In early December, the Healthy Food Hub—a Black-owned agricultural cooperative—announced that, after nearly three years in South Shore, it would be moving its operations to Englewood’s Barbara A. Sizemore Academy.
On a rainy and unseasonably cold October day, Sam Koentopp and others from the national nonprofit organization The Kitchen Community (TKC) was leading the kickoff for the Woodlawn Charter School’s new Learning Garden. Every twenty-minute class began in the cafeteria, with a discussion about gardening and the importance of winter crops—crops that are planted not to be harvested, but to keep the soil filled with nutrients over the winter—and continued out in the garden.
Murmurs and greetings circulated through the wood-paneled meeting room of Bryn Mawr Community Church as one hundred South Shore residents settled in for the monthly 5th Ward meeting on May 23.
Kung Fu Tea, Chinatown
Carol Moseley Braun was the first African-American woman appointed to the Senate, representing Illinois as a Democrat from 1993 to 1999. After a thirty-year career in politics and public service, serving, among other positions, as the Ambassador to New Zealand, Moseley Braun turned to the private sector. She founded her own USDA-certified organic and biodynamic company called Good Food Organics in 2002 and under its umbrella sells Ambassador Organics, a line of food products which currently includes teas, coffee, cocoa, and olive oil. Biodynamics is a holistic agricultural approach that involves crop diversification, the maintenance of on-farm biodiversity preserves such as marshes and forests, and the avoidance of chemicals and off-farm products. For Moseley Braun, biodynamics is a way “to heal our bodies and our farmland.” She grew up between Bronzeville, Park Manor, and Chatham, and currently resides in Hyde Park.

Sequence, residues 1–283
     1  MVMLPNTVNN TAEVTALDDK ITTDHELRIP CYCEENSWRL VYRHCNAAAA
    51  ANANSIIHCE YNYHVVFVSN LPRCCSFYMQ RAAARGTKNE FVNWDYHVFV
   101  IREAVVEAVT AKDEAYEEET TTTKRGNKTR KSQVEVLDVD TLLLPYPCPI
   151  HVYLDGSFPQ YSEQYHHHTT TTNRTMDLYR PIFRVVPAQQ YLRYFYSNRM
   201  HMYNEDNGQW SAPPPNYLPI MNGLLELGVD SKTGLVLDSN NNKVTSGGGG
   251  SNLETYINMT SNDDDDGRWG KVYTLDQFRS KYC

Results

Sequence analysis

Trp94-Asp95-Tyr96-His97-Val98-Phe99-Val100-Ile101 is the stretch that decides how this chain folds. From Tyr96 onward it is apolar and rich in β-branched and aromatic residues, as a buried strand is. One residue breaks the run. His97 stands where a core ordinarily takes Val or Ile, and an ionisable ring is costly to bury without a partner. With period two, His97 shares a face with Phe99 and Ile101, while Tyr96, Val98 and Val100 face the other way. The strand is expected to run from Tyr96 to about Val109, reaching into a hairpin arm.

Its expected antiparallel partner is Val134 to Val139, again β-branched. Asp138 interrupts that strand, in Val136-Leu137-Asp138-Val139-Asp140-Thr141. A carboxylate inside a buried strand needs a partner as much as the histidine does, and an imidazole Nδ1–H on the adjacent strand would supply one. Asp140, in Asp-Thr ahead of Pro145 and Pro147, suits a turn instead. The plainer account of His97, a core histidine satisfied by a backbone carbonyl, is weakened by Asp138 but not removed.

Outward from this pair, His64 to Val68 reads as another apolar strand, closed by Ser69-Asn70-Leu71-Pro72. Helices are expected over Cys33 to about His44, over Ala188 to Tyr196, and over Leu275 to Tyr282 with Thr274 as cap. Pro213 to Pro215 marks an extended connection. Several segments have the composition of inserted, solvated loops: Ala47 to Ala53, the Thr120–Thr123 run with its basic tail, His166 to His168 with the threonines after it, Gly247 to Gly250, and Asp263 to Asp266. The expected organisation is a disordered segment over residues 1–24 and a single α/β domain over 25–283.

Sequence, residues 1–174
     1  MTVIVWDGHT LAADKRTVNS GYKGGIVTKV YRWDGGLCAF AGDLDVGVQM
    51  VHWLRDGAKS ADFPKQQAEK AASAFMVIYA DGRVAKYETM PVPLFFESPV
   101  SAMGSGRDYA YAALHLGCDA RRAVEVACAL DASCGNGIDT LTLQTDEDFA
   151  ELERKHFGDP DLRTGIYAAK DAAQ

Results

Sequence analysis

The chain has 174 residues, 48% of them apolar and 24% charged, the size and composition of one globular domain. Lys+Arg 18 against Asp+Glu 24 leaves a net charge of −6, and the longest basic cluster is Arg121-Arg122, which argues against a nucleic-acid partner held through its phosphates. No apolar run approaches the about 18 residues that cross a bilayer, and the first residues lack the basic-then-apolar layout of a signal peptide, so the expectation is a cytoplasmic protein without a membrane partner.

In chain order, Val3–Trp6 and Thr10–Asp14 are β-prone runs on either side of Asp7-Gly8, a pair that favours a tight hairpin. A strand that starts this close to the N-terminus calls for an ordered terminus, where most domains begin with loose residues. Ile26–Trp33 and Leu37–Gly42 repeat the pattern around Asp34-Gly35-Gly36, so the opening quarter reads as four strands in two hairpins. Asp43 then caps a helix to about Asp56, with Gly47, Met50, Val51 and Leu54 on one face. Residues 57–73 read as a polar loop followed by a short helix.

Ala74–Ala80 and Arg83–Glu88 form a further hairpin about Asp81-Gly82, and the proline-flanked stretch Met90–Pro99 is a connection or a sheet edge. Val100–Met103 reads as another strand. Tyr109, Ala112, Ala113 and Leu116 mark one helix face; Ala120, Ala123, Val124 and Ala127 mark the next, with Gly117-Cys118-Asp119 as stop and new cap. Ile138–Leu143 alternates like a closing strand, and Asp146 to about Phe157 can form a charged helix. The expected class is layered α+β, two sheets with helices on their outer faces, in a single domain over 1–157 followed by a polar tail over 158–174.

“You never know what you can make with this stuff, and I’m always trying to get creative with the park.” – Todd Agosto
Representatives of several South Side-based agricultural organizations agreed that one of the most important, and least often discussed, facets of sustainability is workers’ right to a fair wage.
Clytemnestra stands in the small foyer, laughing maniacally as she scrawls on walls that were once a pure white : Iphigenia. IPHIGENIA. IPHIGENIA.
“If we can inject food, quality food, into the area, then we’ll be able to feed people quality food, encourage people to come back [to Bronzeville], and bring jobs into the area as well.”